In today’s hyper-connected world, analysis has become a mere commodity. Retrieving it – let alone information – is like drinking from a fire hydrant. For example, Googling “global economic growth" yields 61 million results; “Eurozone deflation”, 1 million; “tensions in south-east Asia”, 2 million, and so on... It should therefore come as no surprise that we get easily lost in this myriad of information and analysis.

In the face of analysis overload, it becomes invaluable to sift, select and frame the issues and opinions that matter. This is why The Monthly Barometer came up with a Weekly Selection of op-eds and articles. Each week, we select just five of them (out of hundreds that are sent to us by our network) that we frame in two or three sentences. These five pieces convey in a succinct and accessible manner the thinking of people whose opinions matter the most in a variety of macro fields: economics, geopolitics, society, environment, technology and psychology. They constitute a “formidable” shortcut to complex analysis by offering insights and snapshots that can be read in just a few minutes and are easy to digest. For those keen to make sense of today’s world, The Weekly Selections are a must-read. They constitute the best antidote to information and analysis overload.

As a new service, The Monthly Barometer is now offering to its subscribers, and a potentially much larger group, a curation of all The Weekly Selections. On any given macro issue, it will be possible to access the best thinking at the tap of key.  This service should therefore be of particular interest to researchers and students enabling them as it does to grasp with ease “who said what and when”.

Subscribers of the Monthly Barometer can access curated Weekly Selections as part of their subscription. 

Researchers and students who do not wish to subscribe to The Monthly Barometer can access them on a pay-as-you-wish basis. Please pay an amount that corresponds to the value you attach to the product. If you don’t want to pay, remember the following: “If something online is free, you are not the customer – you are the product” (Jonathan Zittrain, George Bemis Professor of Law at Harvard Law School and the Harvard Kennedy School of Government).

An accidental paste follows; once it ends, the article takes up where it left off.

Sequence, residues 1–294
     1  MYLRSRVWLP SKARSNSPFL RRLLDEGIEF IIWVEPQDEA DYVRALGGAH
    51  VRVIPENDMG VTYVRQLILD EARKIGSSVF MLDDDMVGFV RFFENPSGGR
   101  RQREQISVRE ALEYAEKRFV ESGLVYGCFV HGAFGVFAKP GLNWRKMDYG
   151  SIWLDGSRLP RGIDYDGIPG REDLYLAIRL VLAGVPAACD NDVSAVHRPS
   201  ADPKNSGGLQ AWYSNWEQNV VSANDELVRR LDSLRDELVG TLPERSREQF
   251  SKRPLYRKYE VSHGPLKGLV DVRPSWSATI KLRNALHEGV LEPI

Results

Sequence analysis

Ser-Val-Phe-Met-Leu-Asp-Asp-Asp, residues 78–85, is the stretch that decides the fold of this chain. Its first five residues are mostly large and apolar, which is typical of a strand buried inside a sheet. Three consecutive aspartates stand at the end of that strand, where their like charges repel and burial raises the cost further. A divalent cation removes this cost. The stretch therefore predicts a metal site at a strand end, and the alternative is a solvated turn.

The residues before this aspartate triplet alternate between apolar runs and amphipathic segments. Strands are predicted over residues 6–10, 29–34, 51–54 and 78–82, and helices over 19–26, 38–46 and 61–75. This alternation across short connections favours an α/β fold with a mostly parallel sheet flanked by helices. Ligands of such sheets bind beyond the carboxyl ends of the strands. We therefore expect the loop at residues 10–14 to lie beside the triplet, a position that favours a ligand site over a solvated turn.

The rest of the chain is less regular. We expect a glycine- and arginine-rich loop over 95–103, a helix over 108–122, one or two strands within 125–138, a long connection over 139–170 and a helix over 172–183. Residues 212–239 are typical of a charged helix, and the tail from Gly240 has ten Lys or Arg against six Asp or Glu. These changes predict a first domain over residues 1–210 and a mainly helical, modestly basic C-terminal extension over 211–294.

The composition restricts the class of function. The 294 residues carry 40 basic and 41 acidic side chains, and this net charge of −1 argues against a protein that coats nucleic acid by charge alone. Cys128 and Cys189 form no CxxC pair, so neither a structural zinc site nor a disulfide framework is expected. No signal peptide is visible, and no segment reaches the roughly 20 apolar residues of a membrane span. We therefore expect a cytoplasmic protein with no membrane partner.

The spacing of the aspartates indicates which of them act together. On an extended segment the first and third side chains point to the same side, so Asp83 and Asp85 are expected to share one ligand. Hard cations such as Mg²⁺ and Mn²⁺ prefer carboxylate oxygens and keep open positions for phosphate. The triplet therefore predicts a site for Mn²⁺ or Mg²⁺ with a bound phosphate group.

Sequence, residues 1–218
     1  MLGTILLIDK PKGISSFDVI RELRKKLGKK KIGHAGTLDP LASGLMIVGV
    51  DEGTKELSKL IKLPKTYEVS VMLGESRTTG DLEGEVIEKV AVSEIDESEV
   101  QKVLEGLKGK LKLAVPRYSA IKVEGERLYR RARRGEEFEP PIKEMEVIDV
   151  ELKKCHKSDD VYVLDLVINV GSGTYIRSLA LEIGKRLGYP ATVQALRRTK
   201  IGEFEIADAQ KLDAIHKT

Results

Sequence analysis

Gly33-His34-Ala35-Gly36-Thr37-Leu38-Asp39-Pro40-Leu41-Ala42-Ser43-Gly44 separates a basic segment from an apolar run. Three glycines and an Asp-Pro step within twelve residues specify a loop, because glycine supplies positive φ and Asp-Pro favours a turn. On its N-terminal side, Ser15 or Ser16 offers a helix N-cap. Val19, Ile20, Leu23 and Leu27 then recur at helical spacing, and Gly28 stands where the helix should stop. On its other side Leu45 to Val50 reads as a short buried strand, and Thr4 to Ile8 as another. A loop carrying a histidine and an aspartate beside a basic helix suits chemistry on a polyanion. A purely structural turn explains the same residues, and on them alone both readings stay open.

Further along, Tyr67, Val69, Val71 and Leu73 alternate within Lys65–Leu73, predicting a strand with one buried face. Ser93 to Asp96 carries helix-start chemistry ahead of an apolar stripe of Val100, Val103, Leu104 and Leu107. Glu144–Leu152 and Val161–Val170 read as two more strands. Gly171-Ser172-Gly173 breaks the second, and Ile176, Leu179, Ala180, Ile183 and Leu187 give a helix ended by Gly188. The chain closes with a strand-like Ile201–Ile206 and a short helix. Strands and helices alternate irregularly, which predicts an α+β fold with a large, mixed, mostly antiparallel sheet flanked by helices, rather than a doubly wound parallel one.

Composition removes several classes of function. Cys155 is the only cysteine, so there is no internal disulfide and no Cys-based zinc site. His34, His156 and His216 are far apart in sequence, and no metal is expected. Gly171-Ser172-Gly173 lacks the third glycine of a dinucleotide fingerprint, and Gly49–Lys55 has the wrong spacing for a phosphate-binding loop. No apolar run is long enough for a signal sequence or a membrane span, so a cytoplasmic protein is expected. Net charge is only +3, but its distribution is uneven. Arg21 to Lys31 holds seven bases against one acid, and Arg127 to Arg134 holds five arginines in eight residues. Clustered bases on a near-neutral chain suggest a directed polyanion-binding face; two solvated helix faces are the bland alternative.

Curation of weekly selections – A distillation of the opinions that count!




Kenneth Rogoff
Filter: Category: ECONOMICS > Financial sector
  • ECONOMICS, Financial sector, Technology, Innovation

    Matthew Blake and Kai Keller, "Alipay and PayPal Are Disrupting The Finance Sector, But The Big Banks Are Here To Stay. Here's Why"

    Fortune - 23 Jun 2017

    As technological innovation reshapes the financial system, a small number of fintech companies will grow to become new finance giants, while others will team up with the traditional banking sector. Like in other industries, the role of AI will be paramount, evolving from big data analysis and machine learning to platforms that mimic the way humans think and process information (reads in 5-7 min).

    Published in Weekly selection 30 June 2017

  • ECONOMICS, Financial sector

    Bethany McLean, "How Wells Fargo’s Cutthroat Corporate Culture Allegedly Drove Bankers to Fraud"

    Vanity Fair - 30 Jun 2017

    This is a most enjoyable and readable account of an all too common tale of excess and greed. Most Americans want to believe that their bank accounts are sacrosanct. But with the major scandal unfolding at Wells Fargo, angry former employees illuminate the alarming pressure that allegedly led local bankers to defraud perhaps more than a million customers (a long read: about 15 min).

    Published in Weekly selection 2 June 2017

  • ECONOMICS, Financial Markets, Financial sector

    Timothy Geithner, "Are we Safe Yet? How to Manage Financial Crises?"

    Foreign Affairs (metered paywall) - 1 Feb 2017

    This is a longish (reads in more than 15 min), in-depth and thoughtful article from the “ultimate insider” – the person who was in charge of the US Treasury during the great financial crisis. Assessing whether the financial system is safer today requires that we assess: (1) the underlying fragility of the system; (2) the ability to limit the intensity of a crisis; (3) what the other powers necessary to prevent a financial crisis from spiraling out of control can do. On these three counts, Geithner explains why he’s worried and what he would do.

    Published in Weekly selection 3 February 2017

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